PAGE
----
MLS Trends: New imports trigger spike in scoring

The 11 games during MLS's Week 8 produced 46 goals, equaling the all-time record for goals scored in a weekend set last year on the final day of the regular season.

Through eight weeks, MLS games are averaging 3.22 goals per game, putting the league on course toward the highest output since 2001.

The influx of attacking players has been a big factor in the spike in scoring. Of the 16 players with four or more goals, 10 are in their first or second season in MLS. And eight of them are Designated Players.

MLS leading scorers:
1. **Josef Martinez (DP), Atlanta United, 6 goals
2. *Carlos Vela (DP), LAFC, 5 goals
3. Bradley Wright-Phillips (DP), NY Red Bulls, 5 goals
3. *Johnny Russell, Sporting KC, 5 goals
3. Dom Dwyer (DP), Orlando City, 5 goals
3. **Nemanja Nikolic (DP), Chicago, 5 goals
3. *Felipe Gutierrez (DP), Sporting KC, 5 goals
3. Gyasi Zardes, Columbus, 5 goals
9. *Diego Rossi (DP), LAFC, 4 goals
9. **Miguel Almiron (DP), Atlanta United, 4 goals
9. Ignacio Piatti (DP), Montreal, 4 goals
9. **Maximiliano Moralez (DP), NYCFC, 4 goals
9. *Ismael Tajouri-Shradi, NYCFC, 4 goals
9. Dominique Badji, Colorado, 4 goals
9. **Sebastian Blanco (DP), Portland, 4 goals
9. Mauro Manotas, Houston, 4 goals
*First-year players; **second-year players.

Only two of the leading scorers are Americans: Dom Dwyer (Orlando City) and Gyasi Zardes (Columbus), tied for third with five goals apiece.

The absence of Americans from the MLS scoring charts is nothing new. No American finished in the top 10 in scoring in 2016 -- Dwyer, tied for fifth with 16 goals, was not yet a U.S. citizen -- and CJ Sapong (16 goals) and Jozy Altidore (15 goals) were the highest in scoring at ninth and 10th in 2017.

Less than a quarter of the goals have been scored by players eligible for the U.S. national team, though the percentage of goals has risen in the last four weeks.

MLS goals (USMNT-eligible players):
Week 1: 4/26 (15.4%)
Week 2: 8/38 (21.1%)
Week 3: 3/24 (12.5%)
Week 4: 3/17 (17.6%)
Week 5: 12/36 (33.3%)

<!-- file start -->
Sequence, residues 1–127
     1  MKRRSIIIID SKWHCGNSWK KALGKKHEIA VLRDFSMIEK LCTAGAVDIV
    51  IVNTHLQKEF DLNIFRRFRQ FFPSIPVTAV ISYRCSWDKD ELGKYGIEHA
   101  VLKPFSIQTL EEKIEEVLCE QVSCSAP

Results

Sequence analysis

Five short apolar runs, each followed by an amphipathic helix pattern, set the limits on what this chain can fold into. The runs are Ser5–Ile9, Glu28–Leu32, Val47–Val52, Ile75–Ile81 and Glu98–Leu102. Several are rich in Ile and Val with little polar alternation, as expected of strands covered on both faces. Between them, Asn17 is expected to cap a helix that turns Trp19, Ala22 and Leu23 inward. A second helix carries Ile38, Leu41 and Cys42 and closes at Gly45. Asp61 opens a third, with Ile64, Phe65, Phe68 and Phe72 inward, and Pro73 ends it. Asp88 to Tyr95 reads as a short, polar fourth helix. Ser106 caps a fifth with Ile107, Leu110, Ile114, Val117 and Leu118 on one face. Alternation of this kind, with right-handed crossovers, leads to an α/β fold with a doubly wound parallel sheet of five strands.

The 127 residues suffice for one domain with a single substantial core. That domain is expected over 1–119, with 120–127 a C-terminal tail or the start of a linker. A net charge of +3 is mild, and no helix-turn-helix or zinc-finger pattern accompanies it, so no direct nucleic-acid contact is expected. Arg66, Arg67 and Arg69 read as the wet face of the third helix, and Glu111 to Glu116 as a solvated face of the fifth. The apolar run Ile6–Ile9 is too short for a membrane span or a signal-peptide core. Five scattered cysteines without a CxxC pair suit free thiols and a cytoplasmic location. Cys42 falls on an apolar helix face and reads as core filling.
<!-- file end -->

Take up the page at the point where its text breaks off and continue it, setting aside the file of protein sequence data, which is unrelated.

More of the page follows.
Week 6: 8/24 (33.3%)
Week 7: 7/34 (20.6%)
Week 8: 10/46 (21.7%)
Total: 55/245 (22.4%)

6 comments about "MLS Trends: New imports trigger spike in scoring".
  1. Wooden Ships, April 24, 2018 at 7:49 a.m.

    Zardes leading eligibles speaks volumes. Overcoaching, poor striker training, discouraging the mentality of a determined/hungry finisher are a few reasons we produce hardly any quality goal scorers. Of all field positions, except a 10, this alarmingly goes unaddressed. It’s been this way for how long now? Pitiful.

  2. Ric Fonseca replied, April 24, 2018 at 2:16 p.m.

    WS, I agree with you to a point, but as Paul Kennedy's second part of his headline that I read on my phone, "...where are the Americans...(sic)" is glaringly absent on this piece on my PC.  The question can be rhetorical, yet, speaks volumnes of the league's penchant of- for lack of better term - ignoring the US-born talent pool, 'cause, believe me or not, IT IS THERE, and what MLS HAS to do is to scour the playing fields in this vast country of ours.  And it isn't just the Latino player, but players of other nationalities, residents, citizens, and yes, even dreamers.  In fact, didn't SA recently print an article on the preponderance of SOUTH Americans being signed?  This also brings to mind Brad Rothenberg's comments that US Soccer and MLS fared dismally in not signing or even recruting those players to whom he caters his event.  Go figure!!!